 A severe series of floods in the Yangtze River in 1949
 Two years later, the Republic of China signed a contract
with the US Bureau of Reclamation, to design a large made the recently established communist government
dam in the Three Gorges area (see Fig. 2), and more strengthen its politics towards the great hydraulic projects
than 50 Chinese technicians were sent to the United to control floods, planning the massive construction of
States to participate in the design. large dams, dikes and sluices for the forthcoming decades.
Introduction Requirement Challenges Planning

Feasibility Study Diagram of 3 Gorges Project

Financing Construction Cost & Time Completion

Fund Requirement Amount Fund Sources

Construction $ 9.5 Billion • The Three Gorges Dam Construction Fund

• Revenue from Gezhouba Power Plant 65%
Relocation of Affected Residents $ 10 Billion
• Policy loans from the China Development Bank
Interest on Borrowings $ 2.3 Billion
• Loans from domestic & foreign commercial bank
Total $ 21.8 Billion
• Corporate bond
*2008 estimates
Source: China Daily Business Weekly

Chinese Financiers
Year Bank Assistance
1996 China Development Bank Ten-Year $3.6 billion loan to the Three Gorges project

1999 China Construction Bank Loan of $483 million to China Three Gorges Project Development Co

2003 China Construction Bank Underwriter for Yangtze Power’s issue of $194 million worth of one-
year bills on the interbank market
2003 China Construction Bank Underwriter for Yangtze Power’s issue of $331 million worth of 365-
day debt papers in the interbank market
2003 Consortium of 10 Banks Loan agreements with Yangtze Power for $404 million

2003 China Development Bank Loan agreement with Yangtze Power for $603.9 million to purchase
Financing Construction Cost & Time Completion

Year Bank Assistance

Consortium of 9 Banks Providing a total of US$5.86 billion loan to finance the South-
North Water Diversion (SNWD) Project. The SNWD project
includes three water diversion routes connecting the Yangtze
River, the Huai River, the Yellow River and the Hai River, bringing
water to drought-hit regions such as Shandong Province, the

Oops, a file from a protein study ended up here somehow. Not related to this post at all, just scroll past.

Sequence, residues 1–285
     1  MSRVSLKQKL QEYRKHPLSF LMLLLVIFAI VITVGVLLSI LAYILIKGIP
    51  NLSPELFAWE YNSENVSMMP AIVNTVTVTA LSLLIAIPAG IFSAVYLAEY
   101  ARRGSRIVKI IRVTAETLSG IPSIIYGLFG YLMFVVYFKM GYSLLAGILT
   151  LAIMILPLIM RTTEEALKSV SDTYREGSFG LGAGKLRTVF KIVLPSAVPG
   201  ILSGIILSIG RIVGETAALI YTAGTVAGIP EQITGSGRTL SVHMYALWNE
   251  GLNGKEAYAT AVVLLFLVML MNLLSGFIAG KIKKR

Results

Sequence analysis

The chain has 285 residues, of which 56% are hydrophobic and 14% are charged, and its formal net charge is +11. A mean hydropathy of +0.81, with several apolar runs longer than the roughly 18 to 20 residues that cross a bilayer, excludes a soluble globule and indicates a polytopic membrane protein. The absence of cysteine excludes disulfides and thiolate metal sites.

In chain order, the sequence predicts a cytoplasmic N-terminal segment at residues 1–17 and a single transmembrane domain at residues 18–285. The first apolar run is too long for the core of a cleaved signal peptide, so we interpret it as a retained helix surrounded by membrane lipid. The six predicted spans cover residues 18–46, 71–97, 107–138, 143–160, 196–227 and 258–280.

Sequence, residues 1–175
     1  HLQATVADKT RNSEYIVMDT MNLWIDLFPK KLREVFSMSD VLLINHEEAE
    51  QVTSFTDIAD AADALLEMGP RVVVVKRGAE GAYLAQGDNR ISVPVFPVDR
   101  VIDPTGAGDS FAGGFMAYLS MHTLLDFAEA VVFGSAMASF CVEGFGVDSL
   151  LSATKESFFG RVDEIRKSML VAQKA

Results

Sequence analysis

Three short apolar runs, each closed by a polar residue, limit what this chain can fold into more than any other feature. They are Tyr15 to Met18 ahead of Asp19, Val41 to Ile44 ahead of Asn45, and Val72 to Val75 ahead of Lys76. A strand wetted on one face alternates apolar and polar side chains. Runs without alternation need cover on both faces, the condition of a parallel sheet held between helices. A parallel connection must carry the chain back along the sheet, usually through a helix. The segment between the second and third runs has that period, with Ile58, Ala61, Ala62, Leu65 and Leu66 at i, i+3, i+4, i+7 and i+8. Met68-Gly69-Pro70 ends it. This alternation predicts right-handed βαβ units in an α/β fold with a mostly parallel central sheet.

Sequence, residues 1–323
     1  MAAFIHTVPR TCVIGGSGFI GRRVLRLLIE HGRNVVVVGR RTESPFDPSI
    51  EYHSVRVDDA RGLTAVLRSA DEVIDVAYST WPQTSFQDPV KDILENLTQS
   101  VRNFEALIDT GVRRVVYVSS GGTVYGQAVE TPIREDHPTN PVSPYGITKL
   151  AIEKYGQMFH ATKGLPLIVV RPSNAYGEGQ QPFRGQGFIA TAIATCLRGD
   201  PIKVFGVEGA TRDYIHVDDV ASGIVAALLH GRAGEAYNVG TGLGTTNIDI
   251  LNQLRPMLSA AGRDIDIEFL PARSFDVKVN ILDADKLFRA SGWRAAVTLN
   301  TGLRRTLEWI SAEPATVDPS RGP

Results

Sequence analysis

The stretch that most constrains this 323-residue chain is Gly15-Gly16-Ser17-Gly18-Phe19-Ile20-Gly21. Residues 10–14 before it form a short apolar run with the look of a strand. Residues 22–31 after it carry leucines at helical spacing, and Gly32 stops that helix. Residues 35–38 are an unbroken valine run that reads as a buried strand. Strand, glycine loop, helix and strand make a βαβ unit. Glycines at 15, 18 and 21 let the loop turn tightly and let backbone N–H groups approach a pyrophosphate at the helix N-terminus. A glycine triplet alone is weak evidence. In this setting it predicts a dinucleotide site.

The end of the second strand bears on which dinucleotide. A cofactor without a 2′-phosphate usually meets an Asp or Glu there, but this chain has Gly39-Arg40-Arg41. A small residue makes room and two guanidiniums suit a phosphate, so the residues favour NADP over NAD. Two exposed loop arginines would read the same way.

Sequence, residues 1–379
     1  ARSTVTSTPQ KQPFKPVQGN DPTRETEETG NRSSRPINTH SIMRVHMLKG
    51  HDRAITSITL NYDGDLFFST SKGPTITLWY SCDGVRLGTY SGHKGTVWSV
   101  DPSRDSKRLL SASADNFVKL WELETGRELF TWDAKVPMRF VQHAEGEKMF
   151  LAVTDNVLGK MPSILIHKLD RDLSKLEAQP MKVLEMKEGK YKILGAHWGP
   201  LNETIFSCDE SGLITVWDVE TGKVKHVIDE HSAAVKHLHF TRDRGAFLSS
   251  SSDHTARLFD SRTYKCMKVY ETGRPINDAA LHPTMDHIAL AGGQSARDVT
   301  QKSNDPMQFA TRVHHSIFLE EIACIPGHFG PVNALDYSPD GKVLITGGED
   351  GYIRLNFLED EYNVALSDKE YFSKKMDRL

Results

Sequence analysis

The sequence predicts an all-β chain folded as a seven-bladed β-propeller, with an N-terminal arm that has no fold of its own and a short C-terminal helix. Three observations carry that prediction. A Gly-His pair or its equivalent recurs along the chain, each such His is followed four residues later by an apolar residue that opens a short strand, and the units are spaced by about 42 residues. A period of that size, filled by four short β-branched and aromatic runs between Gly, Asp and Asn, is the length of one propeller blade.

municipality of Tianjin, and Beijing.
2003 Minsheng Bank Yangtze Power signed a five-year agreement. Scope: cooperation
patterns, loan granting, the collection of electric charges, personal
finance and financial innovations.

China Development Loans to Harbin Electricity Equipment Group and Harbin Power
Plant Co. Ltd amounting to $84 million for the reconstruction of a
hydroelectricity generator.
2000 World Bank Approved a $200 million loan to Chongqing municipality in June
2000 for a US$500 million project (completion expected
December 2006) that includes wastewater treatment facilities and
solid waste collection services in areas impacted by the Three
Gorges dam.
Financing Construction Cost & Time Completion
International funding for the Three Gorges Dam project is a major factor in its construction. Companies and banks from
Canada, France, Germany, Switzerland, Sweden, and Brazil have all played a role in financing the dam.

BRAZIL Banco Nacional de Desenvolvimento Economico e

$202 million loan to finance the purchase of turbine-generator sets from GEC-Alsthom consortium.
Social (BNDES)

CANADA EXPORT DEVELOPMENT CORPORATION $23.5 million loan to the People's Construction Bank of China for Fuller-F.L. Smitdth Canada's contract
$37.5 million loan to financeAGRA Monenco's contract (1995).
$153 million loan to financeGE Canada's contract (1997).

FRANCE Banque Nationale de Paris (& Banque de Paris et des

$94.815 million loan to finance GEC-Alsthomcontract (1997).
Pays Bas, Midland Bank SA)

GERMANY Kreditanstalt für Wiederaufbau (KfW) (and three

commercial banks, Deutsche Genossenschaftsbank,